Molecular Circuits That Regulate Segmentation

In the cascade of gene activity that generates the segmental pattern of the embryo (Fig. 2), segmentation proceeds by a progressive refinement of positional information that will eventually specify groups of cells that form metameric units. Refinement is initiated with maternally provided proteins that form gradients from the anterior to the posterior of the egg and early cleavage stages. These gradients of maternal proteins provide the coordinates that position the front and

FIGURE 3 Double gradients. (A) Leafhopper embryo consists of head (red), thoracic (white), and abdominal segments (black). Posterior pole of the egg is marked by bacterial symbiont (green). (B) After early egg ligation, anterior and posterior fragments form fewer segments than in the normal embryo. (C) Late ligations result in more segments formed in anterior and posterior fragments. (D) Finally, when posterior material has been displaced anteriorly and the egg ligated just below the symbiont marker a mirror-image duplication was formed. Schematic of corresponding anterior (blue) and posterior (red) gradients and their overlap (yellow) below images illustrates possible anterior and posterior gradients and their interactions in each experimental intervention.

FIGURE 3 Double gradients. (A) Leafhopper embryo consists of head (red), thoracic (white), and abdominal segments (black). Posterior pole of the egg is marked by bacterial symbiont (green). (B) After early egg ligation, anterior and posterior fragments form fewer segments than in the normal embryo. (C) Late ligations result in more segments formed in anterior and posterior fragments. (D) Finally, when posterior material has been displaced anteriorly and the egg ligated just below the symbiont marker a mirror-image duplication was formed. Schematic of corresponding anterior (blue) and posterior (red) gradients and their overlap (yellow) below images illustrates possible anterior and posterior gradients and their interactions in each experimental intervention.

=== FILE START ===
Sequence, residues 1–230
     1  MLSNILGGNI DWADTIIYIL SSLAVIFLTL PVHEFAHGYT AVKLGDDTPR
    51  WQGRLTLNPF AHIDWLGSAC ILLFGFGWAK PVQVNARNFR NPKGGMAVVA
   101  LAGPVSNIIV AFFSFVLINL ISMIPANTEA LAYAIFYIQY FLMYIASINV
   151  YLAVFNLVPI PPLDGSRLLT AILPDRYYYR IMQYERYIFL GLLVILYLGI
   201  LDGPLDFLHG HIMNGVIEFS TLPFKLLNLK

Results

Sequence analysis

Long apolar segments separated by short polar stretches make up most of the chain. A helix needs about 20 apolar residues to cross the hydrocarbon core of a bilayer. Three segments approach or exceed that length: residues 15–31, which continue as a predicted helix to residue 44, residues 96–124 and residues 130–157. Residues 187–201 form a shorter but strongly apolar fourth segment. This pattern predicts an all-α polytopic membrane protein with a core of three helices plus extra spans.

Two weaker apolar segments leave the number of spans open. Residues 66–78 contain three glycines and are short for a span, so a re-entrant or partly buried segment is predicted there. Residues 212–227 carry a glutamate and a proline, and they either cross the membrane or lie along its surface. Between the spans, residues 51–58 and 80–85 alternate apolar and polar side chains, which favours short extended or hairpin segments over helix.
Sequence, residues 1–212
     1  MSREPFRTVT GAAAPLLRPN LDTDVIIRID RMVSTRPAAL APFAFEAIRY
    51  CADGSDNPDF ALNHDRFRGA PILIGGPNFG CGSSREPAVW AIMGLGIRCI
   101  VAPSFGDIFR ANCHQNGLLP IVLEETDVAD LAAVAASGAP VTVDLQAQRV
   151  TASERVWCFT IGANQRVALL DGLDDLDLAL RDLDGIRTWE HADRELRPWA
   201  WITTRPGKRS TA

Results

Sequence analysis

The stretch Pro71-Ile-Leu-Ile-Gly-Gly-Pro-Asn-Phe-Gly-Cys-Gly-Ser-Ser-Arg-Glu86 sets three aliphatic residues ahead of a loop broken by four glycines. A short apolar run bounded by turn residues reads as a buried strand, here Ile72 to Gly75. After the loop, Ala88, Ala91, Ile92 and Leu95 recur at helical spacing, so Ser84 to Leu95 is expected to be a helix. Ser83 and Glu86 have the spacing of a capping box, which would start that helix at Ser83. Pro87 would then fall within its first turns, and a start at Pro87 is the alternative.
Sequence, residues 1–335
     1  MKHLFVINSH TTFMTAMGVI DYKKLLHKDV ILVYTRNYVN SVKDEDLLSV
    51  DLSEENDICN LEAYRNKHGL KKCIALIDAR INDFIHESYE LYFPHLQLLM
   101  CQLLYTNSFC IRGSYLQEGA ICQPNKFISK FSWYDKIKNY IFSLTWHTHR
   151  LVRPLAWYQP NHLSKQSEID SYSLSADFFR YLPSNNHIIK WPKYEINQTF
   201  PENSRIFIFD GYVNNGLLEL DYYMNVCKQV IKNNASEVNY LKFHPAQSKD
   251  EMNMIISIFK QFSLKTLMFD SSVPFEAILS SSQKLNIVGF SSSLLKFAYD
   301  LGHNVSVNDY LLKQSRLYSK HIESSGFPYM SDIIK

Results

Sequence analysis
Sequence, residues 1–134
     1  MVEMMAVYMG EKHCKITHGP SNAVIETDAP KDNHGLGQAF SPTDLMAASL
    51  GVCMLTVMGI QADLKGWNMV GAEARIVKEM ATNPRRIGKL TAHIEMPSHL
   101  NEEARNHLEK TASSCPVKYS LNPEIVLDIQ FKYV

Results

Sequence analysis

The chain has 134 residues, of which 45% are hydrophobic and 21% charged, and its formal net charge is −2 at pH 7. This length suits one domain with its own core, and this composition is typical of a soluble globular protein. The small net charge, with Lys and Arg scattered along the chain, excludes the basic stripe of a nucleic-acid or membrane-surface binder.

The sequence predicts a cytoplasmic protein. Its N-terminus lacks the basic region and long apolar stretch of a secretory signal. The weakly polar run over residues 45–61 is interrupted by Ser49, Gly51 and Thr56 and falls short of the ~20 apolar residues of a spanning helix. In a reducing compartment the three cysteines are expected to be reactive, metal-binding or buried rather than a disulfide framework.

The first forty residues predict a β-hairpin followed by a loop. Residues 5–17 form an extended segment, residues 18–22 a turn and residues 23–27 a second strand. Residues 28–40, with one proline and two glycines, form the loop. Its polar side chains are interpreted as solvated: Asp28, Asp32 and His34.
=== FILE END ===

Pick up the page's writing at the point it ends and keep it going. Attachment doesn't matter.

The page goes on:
back of the embryo; hence the genes that encode these proteins are called the maternal coordinate genes. The function of these maternal gradients is to activate the gap genes, which are so named because when their function is lacking, the segmental pattern of the embryo has large gaps in it (e.g., the three thoracic segments may be missing, or the first few abdominal segments.

The proteins encoded by the gap genes in turn activate the pair-rule genes. The pair-rules genes are expressed in every other segment and represent the first apparent metameric pattern. It was somewhat surprising that the first metameres produced by the pair-rule genes during embryogenesis do not correspond to the adult segments, but rather consist of a unit with double-segment periodicity. When pair-rule genes are absent, the larva has only half the normal number of segments. The pair-rule proteins then activate the segment polarity genes, a set of genes expressed in a segmentally reiterated manner. Finally, the homeotic genes are activated in a region-specific manner. The homeotic genes are a well-studied group of genes that are responsible for conferring segment character. They provide information on whether an individual segment will be a specific mouthpart, thoracic, or abdominal segment.

Much of what has been learned about the molecular process of segmentation is from Drosophila; how much is representative of a general process for all insects is not yet known. The segment polarity and homeotic genes, as well as their presumed functions, seem to be conserved in all insects examined so far; however, the activity of the maternal coordinate, gap, and pair-rule genes is more variable (Fig. 4). Because of the variation in the formation of germ anlage, it is not surprising that the earliest stages of the segmentation gene cascade established in Drosophila do not function in more ancestral insects. Exactly how short-germ-type embryos establish their segmental pattern remains to be discovered.

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